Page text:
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Security of supply prioritized over green power

Published

March 1, 2016

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Published:

March 1, 2016

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Key players of the energy sector met at ‘Security of Energy Supply in Kosovo’s * forum organized by the Ministry of Economic Development and supported by Repower, project by the United States Agency for International Development (USAID). Participants stressed the need for greater involvement of the business community and international partners in the development of this field.

Representatives of Kosovo’s* institutions and international partners agreed that local electricity generation relies on coal, and that based on monetary and fiscal policies in the medium term it is not possible to substantially increase power generation from renewable sources. However, speakers emphasized new initiatives have been implemented by the government to promote renewables, but that green energy projects need subsidies to become profitable, which will ultimately be paid by consumers. In the context of rising energy prices, the Government of Kosovo* should protect its vulnerable consumers, according to participants.

The opening was attended by representatives of Kosovo, Albania and the international community, including prime minister Isa Mustafa, minister of economic development Blerand Stavileci (pictured), U.S. Ambassador in Kosovo Greg Delawie, director of World Bank’s office in Kosovo Marco Mantovanelli, representatives of the Ministry of Energy and Industry of Albania, as well as representatives of the sector, non-governmental organizations, academia, business and the media.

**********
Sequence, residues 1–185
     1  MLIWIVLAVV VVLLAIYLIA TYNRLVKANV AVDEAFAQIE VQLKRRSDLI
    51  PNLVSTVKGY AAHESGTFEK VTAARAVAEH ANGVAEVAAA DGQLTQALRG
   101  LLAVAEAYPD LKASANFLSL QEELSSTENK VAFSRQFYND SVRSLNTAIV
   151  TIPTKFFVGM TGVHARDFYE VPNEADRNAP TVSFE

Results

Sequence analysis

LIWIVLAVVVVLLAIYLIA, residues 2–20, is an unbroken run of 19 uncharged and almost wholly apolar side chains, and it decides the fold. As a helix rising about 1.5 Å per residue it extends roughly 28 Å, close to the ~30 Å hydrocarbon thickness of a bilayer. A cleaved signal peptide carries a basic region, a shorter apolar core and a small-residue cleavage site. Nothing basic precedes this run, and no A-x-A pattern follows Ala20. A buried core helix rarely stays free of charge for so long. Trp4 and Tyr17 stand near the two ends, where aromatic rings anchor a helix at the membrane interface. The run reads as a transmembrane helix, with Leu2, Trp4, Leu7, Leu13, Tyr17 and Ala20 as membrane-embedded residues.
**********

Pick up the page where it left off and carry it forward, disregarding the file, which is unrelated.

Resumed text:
Stavileci said the government’s objectives are based on a balance of four premises: security of supply, affordable energy prices for citizens and businesses, protecting the environment and efficient use of resources, and increased private investment and creation of new jobs.

Participants agreed that a very important component for stability of supply and operation of the system is the single electricity market with Albania. Electricity generated in Albania is mainly based on hydro sources, whereas Kosovo* relies on coal, and these are considered the cheapest and safest alternatives for joint supply of both countries, thus eliminating seasonal shortages.

It was a common conclusion of all participants the recovery of Kosovo’s* economy depends on the success of energy policies, and that international partners should support such efforts by actions, giving Kosovo* discretion in terms of European Union’s environmental standards, the ministry said.

 

* This designation is without prejudice to positions on status and is in line with UNSCR 1244/99 and the ICJ Opinion on the Kosovo declaration of independence.

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